Montanstahl builds a new corporate head office with a novel duplex stainless steel skin as a reminder of the many possibilities duplex offers.
Swiss steel-profile manufacturer Montanstahl specializes in customized products including special shapes and structural sections. Using both stainless and carbon steel, Montanstahl’s emphasis is always on innovation and use of the best available technology.
Underscoring their role in the industry, Montanstahl celebrated the company’s 25th anniversary in 2008 with two unique stainless steel items: a new head office building, built using Outokumpu’s duplex LDX 2101® as a cladding material, and three stainless sculptures by Albanian artist Helidon Xhixha.
Outokumpu has been a long-time, steady stainless supplier for Montanstahl. Together the partners have promoted the use of duplex LDX 2101 as a competent and competitive replacement for conventional austenitic grades. With corrosion resistance close to that of austenitic 1.4404 (316L), LDX 2101 has almost double the strength, which allows for major gauge and weight reductions. Achieving this with only 1.5% nickel (as compared to about 10% nickel in 1.4404), LDX 2101 offers appreciable price stability against fluctuating raw material prices.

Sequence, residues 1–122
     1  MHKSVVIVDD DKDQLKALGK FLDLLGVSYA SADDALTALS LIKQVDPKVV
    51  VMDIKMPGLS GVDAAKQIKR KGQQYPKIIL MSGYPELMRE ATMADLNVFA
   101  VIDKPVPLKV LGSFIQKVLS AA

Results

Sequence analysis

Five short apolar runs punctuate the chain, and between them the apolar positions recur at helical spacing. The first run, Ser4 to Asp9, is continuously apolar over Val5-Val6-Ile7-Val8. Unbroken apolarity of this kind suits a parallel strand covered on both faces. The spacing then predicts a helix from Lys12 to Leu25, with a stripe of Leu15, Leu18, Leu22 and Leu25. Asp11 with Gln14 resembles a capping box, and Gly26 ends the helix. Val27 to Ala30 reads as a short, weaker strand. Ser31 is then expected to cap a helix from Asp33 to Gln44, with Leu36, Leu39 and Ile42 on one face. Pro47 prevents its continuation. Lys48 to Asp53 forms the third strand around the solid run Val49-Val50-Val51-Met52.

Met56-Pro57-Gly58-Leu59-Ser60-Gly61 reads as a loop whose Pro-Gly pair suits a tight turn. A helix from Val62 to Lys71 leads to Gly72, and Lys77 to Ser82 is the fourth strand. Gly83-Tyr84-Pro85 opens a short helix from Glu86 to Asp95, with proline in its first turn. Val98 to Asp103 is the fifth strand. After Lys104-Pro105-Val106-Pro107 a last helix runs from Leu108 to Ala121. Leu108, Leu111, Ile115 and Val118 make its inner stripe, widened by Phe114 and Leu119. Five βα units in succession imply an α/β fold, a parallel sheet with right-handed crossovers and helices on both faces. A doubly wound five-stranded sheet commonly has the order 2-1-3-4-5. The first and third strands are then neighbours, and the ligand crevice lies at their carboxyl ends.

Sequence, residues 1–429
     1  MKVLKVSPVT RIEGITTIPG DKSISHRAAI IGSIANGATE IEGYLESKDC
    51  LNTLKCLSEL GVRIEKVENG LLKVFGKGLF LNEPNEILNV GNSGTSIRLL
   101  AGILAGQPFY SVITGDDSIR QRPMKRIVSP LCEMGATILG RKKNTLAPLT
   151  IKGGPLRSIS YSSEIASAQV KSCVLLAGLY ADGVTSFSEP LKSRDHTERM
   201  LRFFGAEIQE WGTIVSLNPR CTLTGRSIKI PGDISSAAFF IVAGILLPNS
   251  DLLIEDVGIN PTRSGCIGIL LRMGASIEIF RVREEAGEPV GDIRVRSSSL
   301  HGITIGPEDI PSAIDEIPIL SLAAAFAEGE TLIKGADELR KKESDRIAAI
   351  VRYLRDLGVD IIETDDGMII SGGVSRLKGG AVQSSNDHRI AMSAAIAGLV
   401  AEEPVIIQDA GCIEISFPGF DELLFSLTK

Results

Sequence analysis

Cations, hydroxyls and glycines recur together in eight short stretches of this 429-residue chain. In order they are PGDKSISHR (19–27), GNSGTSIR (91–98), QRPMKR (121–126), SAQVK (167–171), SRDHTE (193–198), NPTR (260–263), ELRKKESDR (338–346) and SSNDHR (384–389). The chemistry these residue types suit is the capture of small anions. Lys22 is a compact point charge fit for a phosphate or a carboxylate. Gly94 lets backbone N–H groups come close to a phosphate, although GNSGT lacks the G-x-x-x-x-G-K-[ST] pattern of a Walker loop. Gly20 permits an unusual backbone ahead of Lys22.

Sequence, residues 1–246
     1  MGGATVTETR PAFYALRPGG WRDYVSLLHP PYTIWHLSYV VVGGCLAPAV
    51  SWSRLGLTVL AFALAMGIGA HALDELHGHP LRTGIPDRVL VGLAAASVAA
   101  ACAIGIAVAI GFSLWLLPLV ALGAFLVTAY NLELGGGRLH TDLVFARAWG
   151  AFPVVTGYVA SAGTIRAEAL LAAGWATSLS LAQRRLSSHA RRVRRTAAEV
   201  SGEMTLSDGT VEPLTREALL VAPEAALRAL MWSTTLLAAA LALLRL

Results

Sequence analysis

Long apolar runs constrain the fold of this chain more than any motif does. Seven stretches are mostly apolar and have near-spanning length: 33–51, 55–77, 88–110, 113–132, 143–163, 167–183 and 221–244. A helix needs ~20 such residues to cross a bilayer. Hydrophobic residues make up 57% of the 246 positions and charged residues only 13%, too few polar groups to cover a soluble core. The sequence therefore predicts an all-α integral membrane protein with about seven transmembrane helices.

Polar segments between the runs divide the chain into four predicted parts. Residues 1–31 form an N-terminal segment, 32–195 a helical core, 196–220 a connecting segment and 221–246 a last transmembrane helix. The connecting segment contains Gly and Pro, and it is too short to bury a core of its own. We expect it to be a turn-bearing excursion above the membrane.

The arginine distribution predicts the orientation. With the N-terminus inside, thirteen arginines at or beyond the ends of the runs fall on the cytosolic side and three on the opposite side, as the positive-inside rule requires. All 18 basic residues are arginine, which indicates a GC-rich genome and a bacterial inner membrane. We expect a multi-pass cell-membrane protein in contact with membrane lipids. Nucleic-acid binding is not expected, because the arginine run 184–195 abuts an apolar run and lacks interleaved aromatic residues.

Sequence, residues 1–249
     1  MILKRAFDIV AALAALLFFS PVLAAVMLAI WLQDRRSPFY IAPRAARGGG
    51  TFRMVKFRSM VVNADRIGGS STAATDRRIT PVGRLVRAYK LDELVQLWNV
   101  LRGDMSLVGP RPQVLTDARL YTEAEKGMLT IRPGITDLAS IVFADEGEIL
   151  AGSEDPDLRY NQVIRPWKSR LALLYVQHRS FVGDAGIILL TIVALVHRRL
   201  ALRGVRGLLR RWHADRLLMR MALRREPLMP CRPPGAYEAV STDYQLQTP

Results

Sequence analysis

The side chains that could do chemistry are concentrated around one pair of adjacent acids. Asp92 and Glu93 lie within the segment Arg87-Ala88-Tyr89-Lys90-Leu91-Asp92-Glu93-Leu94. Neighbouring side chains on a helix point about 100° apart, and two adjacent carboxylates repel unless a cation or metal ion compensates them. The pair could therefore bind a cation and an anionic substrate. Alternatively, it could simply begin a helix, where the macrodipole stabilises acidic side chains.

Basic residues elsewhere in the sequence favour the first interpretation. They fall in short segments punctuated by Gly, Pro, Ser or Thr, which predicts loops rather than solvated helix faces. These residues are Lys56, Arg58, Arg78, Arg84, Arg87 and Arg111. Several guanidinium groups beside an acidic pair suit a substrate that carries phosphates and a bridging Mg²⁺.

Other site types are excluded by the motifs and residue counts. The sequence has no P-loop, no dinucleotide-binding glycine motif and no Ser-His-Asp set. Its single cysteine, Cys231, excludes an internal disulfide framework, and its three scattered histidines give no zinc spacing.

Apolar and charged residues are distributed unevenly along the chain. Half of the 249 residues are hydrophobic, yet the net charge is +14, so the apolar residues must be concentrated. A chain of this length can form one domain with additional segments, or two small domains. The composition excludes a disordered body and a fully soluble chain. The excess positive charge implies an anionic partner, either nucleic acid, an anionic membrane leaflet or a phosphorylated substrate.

Montanstahl’s CEO Michael Stumm says about their new building: “We looked for a concept that would represent our company and our aspirations, offering something new and ground-breaking to the market.” He explains that they have found LDX 2101 to be a good cladding alternative, well meeting their needs for corrosion resistance.
The surface finish is Scotch Brite, a polished surface smooth enough to be almost maintenance free – only rainfall will be needed to keep the surfaces clean.
The wall cladding in the entrance hall of the building also makes wide use of stainless, consisting of 1.4301 (304). The three unique sculptures in front of the building, commissioned for the site, are fabricated from 1.4404. Hailed among the frontline contemporary artists of the day, artist Xhixha has a special relationship with stainless steel, which is his primary raw material in sculptures